The first of the two investigated environments was soils containing un-oxidized metal sulfides that are termed ‘potential acid sulfate soil’ (PASS) materials. If these materials are exposed to atmospheric oxygen by either natural phenomena (e.g., land uplift) or human activities (e.g., drainage) then the metal sulfides become oxidized and the PASS becomes acidic and is defined as an ‘acid sulfate soil’ (ASS). The resulting acid and metal release from metal sulfide oxidation can lead to severe environmental damage. Although acidophilic microorganisms capable of catalyzing acid and metal release have been identified from many sulfide mineral containing environments, the microbial community of boreal PASSs/ASSs remains unclear. This study investigated the physicochemical and microbial characteristics of PASSs and ASSs from the Risöfladan experimental field in Vasa, Finland. Sanger sequencing of 16S rRNA gene sequences of microorganisms present in the PASSs and ASSs were mostly assigned to acidophilic species and environmental clones previously identified from acid- and metal-contaminated environments. Enrichment cultures inoculated from the ASS demonstrated that the acidophilic microorganisms were responsible for catalyzing acid and metal release from PASSs/ASSs. Lastly, the study investigated how to mitigate metal sulfide oxidation and the concomitant formation of sulfuric acid by treating ASSs in situ with CaCO3 or Ca(OH)2 suspensions. The DNA sequencing still identified acidophilic microorganisms after the chemical treatments. However, the increased pH during and after treatment suggested that the activity of the acidophiles might be inhibited. This study was the first to identify the microbial community present in boreal PASSs/ASSs and suggested that treatment with basic compounds may inhibit microbial catalysis of metal sulfide dissolution.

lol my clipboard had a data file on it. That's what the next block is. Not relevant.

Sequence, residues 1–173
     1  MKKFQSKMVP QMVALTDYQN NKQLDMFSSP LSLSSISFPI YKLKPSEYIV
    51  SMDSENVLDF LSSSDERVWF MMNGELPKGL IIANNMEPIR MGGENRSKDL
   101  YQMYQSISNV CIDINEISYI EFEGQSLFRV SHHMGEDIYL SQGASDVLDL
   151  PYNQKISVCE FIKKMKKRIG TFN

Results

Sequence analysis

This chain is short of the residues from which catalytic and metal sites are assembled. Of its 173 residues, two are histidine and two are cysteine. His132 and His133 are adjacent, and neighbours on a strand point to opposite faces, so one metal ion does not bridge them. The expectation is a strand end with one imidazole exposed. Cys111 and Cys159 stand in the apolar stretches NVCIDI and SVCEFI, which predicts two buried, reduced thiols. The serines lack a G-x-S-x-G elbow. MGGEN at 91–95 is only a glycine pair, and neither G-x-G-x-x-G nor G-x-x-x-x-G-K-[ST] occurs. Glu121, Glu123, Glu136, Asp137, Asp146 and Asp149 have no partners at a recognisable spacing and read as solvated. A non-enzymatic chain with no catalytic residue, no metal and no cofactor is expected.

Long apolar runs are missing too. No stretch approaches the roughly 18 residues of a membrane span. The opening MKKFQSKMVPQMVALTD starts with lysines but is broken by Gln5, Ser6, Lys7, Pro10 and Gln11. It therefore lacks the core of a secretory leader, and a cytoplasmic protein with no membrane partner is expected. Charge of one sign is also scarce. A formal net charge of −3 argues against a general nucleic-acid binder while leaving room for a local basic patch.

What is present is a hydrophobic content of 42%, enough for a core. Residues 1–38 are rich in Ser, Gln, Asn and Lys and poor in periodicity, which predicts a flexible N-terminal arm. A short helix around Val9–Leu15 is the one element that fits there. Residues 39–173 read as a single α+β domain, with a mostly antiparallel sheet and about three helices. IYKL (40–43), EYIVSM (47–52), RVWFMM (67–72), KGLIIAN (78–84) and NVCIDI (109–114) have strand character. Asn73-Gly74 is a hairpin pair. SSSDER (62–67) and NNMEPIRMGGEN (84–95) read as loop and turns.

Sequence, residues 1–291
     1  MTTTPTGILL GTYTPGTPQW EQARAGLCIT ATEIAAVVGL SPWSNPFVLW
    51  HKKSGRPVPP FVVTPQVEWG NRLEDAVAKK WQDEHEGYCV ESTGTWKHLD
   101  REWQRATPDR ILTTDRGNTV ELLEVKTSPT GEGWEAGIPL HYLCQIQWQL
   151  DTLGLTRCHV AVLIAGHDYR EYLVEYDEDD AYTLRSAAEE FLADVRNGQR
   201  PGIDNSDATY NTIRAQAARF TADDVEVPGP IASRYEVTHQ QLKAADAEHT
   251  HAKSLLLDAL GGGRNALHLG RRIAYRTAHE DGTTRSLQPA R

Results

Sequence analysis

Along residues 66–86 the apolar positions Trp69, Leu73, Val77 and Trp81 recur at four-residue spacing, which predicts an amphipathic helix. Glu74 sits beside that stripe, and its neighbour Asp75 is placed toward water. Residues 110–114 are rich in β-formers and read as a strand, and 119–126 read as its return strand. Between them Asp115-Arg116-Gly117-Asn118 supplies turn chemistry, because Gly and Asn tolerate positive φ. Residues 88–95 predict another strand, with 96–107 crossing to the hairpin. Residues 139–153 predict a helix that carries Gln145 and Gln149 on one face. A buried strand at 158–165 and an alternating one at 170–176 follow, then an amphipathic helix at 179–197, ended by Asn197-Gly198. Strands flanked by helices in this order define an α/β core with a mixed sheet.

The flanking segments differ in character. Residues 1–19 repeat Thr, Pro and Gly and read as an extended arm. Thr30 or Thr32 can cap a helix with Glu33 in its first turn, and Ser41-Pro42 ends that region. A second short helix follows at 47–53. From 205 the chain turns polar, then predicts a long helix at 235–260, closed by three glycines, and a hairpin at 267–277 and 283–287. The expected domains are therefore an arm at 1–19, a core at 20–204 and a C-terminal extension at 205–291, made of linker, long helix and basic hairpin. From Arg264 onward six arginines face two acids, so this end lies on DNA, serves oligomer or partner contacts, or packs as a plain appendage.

The second studied environment was the deep, dark terrestrial subsurface that is suggested to be both extremely stable and highly oligotrophic. Despite the scarcity of carbon and energy sources, the deep biosphere is estimated to constitute up to 20% of the total biomass on earth and thus, represents the largest microbial ecosystem. However, due to the difficulties of accessing this environment and our inability to cultivate the indigenous microbial populations, details of the diversity and metabolism of these communities remain largely unexplored. This study was carried out at Äspö Hard Rock Laboratory, Sweden and utilized second-generation sequencing to identify the taxonomic composition and genetic potential of planktonic and biofilm populations. Community DNA sequencing of planktonic cells from three water types at varied age and depth (‘modern marine’, ‘undefined mixed’, and ‘old saline’) showed the existence of ultra-small cells capable of passing through a 0.22 μm filter that were phylogenetically distinct communities from the >0.22 μm fraction. The reduced cell size and/or genome size suggested a potential adaptation to the oligotrophic environment in the terrestrial deep biosphere. The identified planktonic communities were dominated by Proteobacteria, Candidate divisions, unclassified archaea, and unclassified bacteria. Functional analysis of the assembled genomes showed that the planktonic population from the shallow modern marine water demonstrated a predominantly anaerobic and heterotrophic lifestyle. In contrast, the deeper, old saline water was more closely aligned with the hypothesis of a hydrogen-driven deep biosphere. Metagenomic analysis of subsurface biofilms from ‘modern marine’ and ‘old saline’ water types suggested only a subset of populations were involved in initial biofilm formation. The identified biofilm populations from both water types were distinct from the planktonic community and were suggested to be dominated by hydrogen fed, chemolithoautotrophic and diazotrophic populations.

Place, publisher, year, edition, pages
Växjö: Linnaeus University Press, 2016. 146 p.
Series
Linnaeus University Dissertations, 255/2016
Keyword
molecular phylogeny, acid sulfate soils, metal, acidophiles, deep biosphere, oligotrophy, biofilm formation, metagenome, binning, metabolism
National Category
Ecology
Research subject
Ecology, Microbiology
Identifiers
urn:nbn:se:lnu:diva-52538 (URN)978-91-88357-22-9 (ISBN)
Public defence
2016-06-17, Hörsalen Fullriggaren, Landgången 4, Kalmar, 09:30 (English)
Opponent
Supervisors
Available from: 2016-05-20 Created: 2016-05-17 Last updated: 2016-11-22Bibliographically approved